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Kieth

What's the best "user friendly" linux distro?

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Years ago I bought a new computer with W98 on it. I hated it. That's when I started looking into, and using linux. At that time, Mandrake was the recommended "user friendly" distro. A lot has changed since then, I know. I've never used another distro in all these years except for a short time with Suse (when the Mandrake distro wasn't too good, and I wasn't able to get it loaded on my system.) Just for curiosity, what would be considered the best "user friendly", distro now, for a "normal" user?

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Mandriva

 

Is my short answer, I've tried Ubuntu two years ago, and again the latest RC build of Ubuntu 8.10, and I really can't see how this distro can be calles user friendly, but mayby it's just me who are to dedicated to Mandriva.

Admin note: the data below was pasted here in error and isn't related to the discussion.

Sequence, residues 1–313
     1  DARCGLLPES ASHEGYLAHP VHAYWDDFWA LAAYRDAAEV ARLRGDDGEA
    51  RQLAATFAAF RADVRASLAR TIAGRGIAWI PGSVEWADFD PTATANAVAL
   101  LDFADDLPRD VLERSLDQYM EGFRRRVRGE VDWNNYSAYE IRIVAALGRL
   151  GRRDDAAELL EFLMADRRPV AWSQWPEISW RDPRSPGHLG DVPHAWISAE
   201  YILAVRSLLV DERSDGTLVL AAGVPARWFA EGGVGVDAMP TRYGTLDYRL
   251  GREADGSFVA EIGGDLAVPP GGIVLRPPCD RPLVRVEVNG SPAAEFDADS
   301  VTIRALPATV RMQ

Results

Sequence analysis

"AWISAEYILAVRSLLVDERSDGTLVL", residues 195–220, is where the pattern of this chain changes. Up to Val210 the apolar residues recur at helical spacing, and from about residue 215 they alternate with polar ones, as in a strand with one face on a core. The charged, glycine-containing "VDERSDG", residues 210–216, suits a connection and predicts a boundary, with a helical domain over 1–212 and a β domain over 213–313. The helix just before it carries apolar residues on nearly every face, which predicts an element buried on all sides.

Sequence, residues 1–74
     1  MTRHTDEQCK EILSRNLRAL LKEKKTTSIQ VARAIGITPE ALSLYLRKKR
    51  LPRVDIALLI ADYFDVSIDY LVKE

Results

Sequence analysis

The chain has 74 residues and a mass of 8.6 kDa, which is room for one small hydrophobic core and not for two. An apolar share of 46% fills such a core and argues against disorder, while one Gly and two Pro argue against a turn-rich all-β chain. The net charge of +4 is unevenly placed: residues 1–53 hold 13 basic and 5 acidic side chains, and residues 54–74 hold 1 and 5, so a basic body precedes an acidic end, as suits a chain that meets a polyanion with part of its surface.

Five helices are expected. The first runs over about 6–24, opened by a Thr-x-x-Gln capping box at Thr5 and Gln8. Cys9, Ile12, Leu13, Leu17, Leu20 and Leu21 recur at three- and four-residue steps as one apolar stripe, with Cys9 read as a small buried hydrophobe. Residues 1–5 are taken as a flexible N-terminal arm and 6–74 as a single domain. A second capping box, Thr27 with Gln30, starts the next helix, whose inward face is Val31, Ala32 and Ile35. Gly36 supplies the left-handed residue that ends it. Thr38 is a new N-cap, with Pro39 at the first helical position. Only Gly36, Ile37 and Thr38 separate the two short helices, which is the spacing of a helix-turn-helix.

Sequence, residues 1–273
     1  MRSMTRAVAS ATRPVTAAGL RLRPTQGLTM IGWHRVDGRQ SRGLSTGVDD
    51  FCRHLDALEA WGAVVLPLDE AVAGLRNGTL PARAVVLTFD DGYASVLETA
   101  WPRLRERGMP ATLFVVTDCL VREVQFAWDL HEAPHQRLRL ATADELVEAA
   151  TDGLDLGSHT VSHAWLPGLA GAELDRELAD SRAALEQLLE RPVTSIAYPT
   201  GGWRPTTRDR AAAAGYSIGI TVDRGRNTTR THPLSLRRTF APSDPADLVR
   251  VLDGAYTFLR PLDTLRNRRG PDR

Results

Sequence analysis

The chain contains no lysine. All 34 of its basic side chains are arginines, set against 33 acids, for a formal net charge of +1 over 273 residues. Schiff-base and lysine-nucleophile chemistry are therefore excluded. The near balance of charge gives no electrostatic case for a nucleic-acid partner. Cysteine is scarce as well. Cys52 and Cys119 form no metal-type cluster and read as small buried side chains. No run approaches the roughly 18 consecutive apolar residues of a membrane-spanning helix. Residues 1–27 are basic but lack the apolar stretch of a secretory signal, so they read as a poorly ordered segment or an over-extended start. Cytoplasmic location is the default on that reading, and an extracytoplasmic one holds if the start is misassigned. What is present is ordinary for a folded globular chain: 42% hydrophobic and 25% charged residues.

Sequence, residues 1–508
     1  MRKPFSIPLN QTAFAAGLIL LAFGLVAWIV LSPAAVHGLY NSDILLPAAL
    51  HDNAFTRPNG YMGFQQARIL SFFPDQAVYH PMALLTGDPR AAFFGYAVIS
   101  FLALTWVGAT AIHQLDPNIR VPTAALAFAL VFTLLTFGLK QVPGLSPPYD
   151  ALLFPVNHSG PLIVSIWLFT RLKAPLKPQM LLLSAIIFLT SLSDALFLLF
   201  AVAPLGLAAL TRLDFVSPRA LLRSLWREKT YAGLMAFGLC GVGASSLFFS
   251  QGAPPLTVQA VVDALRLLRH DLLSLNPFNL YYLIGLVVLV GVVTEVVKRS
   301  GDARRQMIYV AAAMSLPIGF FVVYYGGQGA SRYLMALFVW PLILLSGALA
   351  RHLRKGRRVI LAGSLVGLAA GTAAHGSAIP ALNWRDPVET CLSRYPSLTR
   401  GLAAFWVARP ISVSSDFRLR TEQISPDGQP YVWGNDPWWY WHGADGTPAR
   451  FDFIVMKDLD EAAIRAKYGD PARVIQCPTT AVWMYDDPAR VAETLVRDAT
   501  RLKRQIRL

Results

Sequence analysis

I've also tried out Suse in one of the 9 versions, it was a really great distro then, easy to use, I don't have anything bad to say about Suse, but it was just not my distro. I have thought about installing openSuse when the 11.1 comes out just to see again if I can work with it this time.

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Just for curiosity, what would be considered the best "user friendly", distro now, for a "normal" user?
That depends on what you consider "a normal user" and what you consider "user friendly". For some people, configuring everything in a text-file is considered user-friendly (because of system transparency and learning included) while others prefer GUI-wizards for everything which may or may not work. :rolleyes:

 

Basically, Mandriva is still considered one of the most "newcomer-friendly" distros, but others like Mepis, PCLinuxOS or Ubuntu are also pretty newcomer-friendly.